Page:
Nusaybah bint Ka'ab
When 74 leaders, warriors, and statesmen of Madina descended on al-Aqabah to swear an oath of allegiance to Islam following the teaching of the new religion by Mus`ab ibn `Umair in the city, Nusaybah and Umm Munee Asma bint Amr bin 'Adi were the only two women to personally pledge directly to the Islamic prophet Muhammad. The latter's husband, Ghazyah bin 'Amr, informed Muhammad that the women also wanted to give their bayah in person, and he agreed. She returned to Medina and began teaching Islam to the women of the city. This bayah or pledge was the de facto handing over of power to Muhammad over the city, by its key figures.
Her two sons, both later killed in battle, were from her first marriage to Zaid bin 'Asim Mazni. She later married bin 'Amr, and had another son Tameem and a daughter Khawlah.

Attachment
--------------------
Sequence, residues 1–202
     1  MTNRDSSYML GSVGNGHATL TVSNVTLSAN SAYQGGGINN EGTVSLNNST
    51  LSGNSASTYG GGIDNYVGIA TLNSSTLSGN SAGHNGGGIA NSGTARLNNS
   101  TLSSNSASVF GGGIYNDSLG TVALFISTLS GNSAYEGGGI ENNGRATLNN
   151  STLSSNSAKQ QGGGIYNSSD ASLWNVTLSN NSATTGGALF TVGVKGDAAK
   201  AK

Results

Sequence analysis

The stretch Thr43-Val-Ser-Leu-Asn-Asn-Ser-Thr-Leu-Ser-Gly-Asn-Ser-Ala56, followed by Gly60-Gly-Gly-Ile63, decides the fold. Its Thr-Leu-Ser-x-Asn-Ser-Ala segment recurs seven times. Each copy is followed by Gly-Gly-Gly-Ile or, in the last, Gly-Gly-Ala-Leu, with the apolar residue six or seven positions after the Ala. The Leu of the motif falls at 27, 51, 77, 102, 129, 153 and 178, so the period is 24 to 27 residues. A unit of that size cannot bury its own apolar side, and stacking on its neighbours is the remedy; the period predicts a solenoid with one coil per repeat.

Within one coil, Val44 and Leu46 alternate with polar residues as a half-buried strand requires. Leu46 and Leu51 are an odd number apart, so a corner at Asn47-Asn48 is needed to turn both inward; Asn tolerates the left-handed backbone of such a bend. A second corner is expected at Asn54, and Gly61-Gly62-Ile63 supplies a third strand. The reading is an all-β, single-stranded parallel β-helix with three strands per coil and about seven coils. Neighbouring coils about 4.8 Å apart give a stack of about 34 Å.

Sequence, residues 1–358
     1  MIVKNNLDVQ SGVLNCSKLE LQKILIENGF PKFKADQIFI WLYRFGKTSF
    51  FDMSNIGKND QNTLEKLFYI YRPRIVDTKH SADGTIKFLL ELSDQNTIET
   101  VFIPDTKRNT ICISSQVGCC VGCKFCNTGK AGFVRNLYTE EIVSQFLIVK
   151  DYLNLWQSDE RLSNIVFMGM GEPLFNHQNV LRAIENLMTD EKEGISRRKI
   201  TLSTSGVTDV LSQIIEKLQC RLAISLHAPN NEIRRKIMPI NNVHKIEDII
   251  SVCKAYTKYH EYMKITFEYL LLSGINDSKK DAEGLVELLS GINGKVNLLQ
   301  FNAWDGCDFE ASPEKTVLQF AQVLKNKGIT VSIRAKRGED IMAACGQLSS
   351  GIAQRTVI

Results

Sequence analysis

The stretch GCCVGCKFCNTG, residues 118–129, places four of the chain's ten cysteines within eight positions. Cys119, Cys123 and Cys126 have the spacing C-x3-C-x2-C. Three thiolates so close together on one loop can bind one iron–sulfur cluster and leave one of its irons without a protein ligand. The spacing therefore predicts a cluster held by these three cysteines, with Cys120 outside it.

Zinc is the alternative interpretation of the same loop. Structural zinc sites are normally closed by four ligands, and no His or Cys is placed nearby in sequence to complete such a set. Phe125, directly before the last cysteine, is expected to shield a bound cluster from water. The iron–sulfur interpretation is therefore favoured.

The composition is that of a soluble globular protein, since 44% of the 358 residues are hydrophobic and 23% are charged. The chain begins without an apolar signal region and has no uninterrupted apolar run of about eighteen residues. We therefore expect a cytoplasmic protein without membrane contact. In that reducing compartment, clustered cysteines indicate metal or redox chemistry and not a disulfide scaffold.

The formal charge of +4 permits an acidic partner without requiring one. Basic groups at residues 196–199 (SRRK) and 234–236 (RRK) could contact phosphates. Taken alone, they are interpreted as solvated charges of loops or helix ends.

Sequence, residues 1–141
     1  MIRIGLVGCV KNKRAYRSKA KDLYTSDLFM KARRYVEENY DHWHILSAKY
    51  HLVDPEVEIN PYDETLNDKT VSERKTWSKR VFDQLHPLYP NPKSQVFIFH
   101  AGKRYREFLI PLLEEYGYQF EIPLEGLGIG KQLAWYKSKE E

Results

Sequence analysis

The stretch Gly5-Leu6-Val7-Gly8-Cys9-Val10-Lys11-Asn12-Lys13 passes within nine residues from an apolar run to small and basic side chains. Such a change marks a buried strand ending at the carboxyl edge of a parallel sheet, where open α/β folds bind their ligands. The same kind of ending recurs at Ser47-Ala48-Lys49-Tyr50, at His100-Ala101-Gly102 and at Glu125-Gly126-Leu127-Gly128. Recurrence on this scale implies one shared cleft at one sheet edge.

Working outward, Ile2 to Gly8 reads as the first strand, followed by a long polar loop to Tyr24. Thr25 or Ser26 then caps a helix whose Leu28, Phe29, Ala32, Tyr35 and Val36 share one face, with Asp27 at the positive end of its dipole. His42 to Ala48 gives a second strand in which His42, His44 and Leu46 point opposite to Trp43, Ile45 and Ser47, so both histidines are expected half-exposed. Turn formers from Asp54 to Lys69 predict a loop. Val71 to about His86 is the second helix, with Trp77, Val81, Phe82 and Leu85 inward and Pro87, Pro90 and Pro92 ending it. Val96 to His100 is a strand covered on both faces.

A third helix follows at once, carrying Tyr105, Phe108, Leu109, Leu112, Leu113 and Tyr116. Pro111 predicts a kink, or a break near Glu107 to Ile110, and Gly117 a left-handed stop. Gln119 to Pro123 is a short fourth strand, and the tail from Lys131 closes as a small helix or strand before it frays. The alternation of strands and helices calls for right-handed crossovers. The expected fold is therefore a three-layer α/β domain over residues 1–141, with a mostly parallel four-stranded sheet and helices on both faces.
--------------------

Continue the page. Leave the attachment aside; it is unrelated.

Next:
Battle of Uhud
Initially, Nusaybah was attending the Battle of Uhud like other women, and her intention was to bring water to the soldiers, while her husband and two sons fought.but after the Muslim archers disobeyed their orders and began deserting their high ground believing victory was at hand, the tide of the battle changed, and it appeared that defeat was imminent. When this occurred, Nusaybah entered the battle, carrying a sword and shield.
In popular culture
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Faisal Tehrani named the central figure of his novel 1511HKombat as Hajjah Nusaybah. He once stated that he named the character thus because both of them showed limitless courage, as well as being visionary that far exceeds their own generation.
- Ghadanfar, Mahmood Ahmad. "Great Women of Islam", Riyadh. 2001.pp. 207-215